Alex Mittal, co-Founder at FundersClub and a seed investor in Coinbase, Instacard, Flexport, GitLab and Webflow, shares his 18-step, bulletproof guide to building a successful company from the get-go.
1. If it doesn’t feel like the market is pulling you, it’s not. Consider if the friction in your business is a function of poor market picking vs poor execution. The best markets forgive horrific failures of execution.
2. Build something people want, not just what you want. You may think you know how to actualize something people want, but can’t articulate. Maybe so, but that’s also a way to delude yourself, so ruthlessly prove they actually want it.
3. Be resilient to the point of being relentless. Successful startups are the culmination of repeatedly messing up, yet not dying. Over many, many years. As you iterate, you’ll gain new opportunities to hit product-market fit.
4. Practice emotional stability. Celebrate the wins, but know it’s never as good as it seems. Recognize the losses, but know it’s never as bad as it seems.
5. Pursue a mission that is bold / serves a greater purpose / is the future, but don’t forget that in the end, ability to deliver growing positive cash flow is what will define whether your startup succeeds or fails.
6. Angel or VC money can make otherwise great operators lazy. Experiment like you have no money, even if you do.
7. Be real and get real. Be your own worst critic. Get to ground truth before anyone else. Discourage vanity metrics.
8. Focus on your customers, not the competition. Satisfied customers are not enough. Generate fanaticism and love.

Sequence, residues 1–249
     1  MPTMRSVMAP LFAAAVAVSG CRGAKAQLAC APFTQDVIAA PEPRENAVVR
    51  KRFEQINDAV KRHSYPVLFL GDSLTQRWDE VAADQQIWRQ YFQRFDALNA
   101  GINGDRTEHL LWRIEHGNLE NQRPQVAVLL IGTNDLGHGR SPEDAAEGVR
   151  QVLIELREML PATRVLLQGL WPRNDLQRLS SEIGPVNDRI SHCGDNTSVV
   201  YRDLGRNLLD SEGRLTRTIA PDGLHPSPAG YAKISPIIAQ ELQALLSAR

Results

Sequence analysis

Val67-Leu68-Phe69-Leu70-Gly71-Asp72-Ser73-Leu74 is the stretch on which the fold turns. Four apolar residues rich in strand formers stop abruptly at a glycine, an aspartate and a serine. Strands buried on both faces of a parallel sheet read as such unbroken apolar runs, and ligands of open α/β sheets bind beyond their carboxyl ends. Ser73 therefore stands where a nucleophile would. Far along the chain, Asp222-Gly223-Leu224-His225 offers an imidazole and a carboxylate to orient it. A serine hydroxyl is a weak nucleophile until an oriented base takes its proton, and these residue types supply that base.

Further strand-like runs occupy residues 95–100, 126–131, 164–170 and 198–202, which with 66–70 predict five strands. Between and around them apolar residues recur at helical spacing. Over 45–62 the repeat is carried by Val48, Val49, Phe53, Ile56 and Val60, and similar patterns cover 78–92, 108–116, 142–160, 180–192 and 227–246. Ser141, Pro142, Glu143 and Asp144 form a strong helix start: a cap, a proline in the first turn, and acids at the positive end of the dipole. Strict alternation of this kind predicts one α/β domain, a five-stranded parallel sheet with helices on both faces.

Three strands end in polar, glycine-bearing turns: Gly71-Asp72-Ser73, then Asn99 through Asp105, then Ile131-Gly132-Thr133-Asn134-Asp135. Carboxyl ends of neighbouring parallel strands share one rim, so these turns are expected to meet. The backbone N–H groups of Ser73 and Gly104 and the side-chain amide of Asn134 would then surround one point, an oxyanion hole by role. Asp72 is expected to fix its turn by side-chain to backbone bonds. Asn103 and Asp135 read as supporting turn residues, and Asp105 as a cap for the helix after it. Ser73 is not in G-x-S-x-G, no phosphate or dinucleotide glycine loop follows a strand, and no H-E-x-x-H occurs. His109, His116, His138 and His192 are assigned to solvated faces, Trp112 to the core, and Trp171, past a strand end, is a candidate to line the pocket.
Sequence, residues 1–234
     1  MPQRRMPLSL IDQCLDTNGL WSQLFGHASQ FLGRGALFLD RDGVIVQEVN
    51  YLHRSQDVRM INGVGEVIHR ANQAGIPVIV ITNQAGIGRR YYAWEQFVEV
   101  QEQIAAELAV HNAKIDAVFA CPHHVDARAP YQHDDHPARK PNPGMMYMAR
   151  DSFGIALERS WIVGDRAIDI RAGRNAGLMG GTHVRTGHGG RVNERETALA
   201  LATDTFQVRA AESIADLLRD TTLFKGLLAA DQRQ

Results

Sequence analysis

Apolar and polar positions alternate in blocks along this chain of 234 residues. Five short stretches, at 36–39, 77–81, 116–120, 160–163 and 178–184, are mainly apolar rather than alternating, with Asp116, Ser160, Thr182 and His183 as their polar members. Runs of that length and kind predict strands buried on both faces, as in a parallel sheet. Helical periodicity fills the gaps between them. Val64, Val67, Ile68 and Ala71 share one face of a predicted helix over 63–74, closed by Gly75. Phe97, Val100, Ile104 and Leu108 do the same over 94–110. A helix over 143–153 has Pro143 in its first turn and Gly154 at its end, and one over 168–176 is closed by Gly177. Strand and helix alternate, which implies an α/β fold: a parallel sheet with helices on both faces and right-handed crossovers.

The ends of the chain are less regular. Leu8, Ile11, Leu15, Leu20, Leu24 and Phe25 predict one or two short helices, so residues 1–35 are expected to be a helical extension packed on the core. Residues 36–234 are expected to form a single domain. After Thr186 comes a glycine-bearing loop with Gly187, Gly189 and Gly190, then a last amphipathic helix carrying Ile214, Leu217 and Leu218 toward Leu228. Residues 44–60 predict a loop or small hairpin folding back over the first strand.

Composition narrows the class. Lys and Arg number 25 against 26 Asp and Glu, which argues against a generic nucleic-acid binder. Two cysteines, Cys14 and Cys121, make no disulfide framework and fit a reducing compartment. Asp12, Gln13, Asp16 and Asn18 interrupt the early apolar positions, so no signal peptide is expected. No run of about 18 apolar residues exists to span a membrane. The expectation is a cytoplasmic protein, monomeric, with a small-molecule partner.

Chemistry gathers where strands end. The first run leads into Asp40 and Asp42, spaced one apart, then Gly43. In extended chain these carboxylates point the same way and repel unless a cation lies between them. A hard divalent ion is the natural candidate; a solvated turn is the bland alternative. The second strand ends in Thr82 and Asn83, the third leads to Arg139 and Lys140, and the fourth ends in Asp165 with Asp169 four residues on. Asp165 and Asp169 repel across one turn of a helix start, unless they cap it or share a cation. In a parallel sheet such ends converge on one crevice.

9. Sending regular investor updates is a forcing function for progress or problem identification and a way to nurture alignment that can be redeemed in future times of need. Go silent at your own peril.
10. You can build your business like a flywheel or like a hamster wheel. Build a flywheel. The more customers / users, the easier it should be for you to deliver a superior experience vs anyone else.
11. Remember that you can lower or raise the bar with every new hire. Always raise the bar in at least one area with each hire. And raise it by hiring based on likely trajectory, not simply past experience.
12. Hire people who are either obsessed with your mission or who are obsessed with excellence in their craft. Preferably they’re obsessed with both.
13. Commit to clear communication at your startup. Practicing effective communication will be a lifelong evolution for your company and you.
14. High margins provide high margins for error.
15. Scrutinize the capital efficiency of your model. Don’t let yourself or customers turn you into a lender with the best rates.
16. As founders we are accountable for everything that goes wrong. The Board is dysfunctional? The VP Sales missed their targets? Marketing overspent? Our fault; fix it.
17. Society is optimized in the present for the past. When you build the new, societal pressure nudges you down paths of consensus & external validation. Yet that’s not how you’ll build the future. Follow the paths of truth, even if you must initially move forward alone.
18. Never let yourself become jaded. Keep that optimism that got you started in the first place. The canvas is waiting.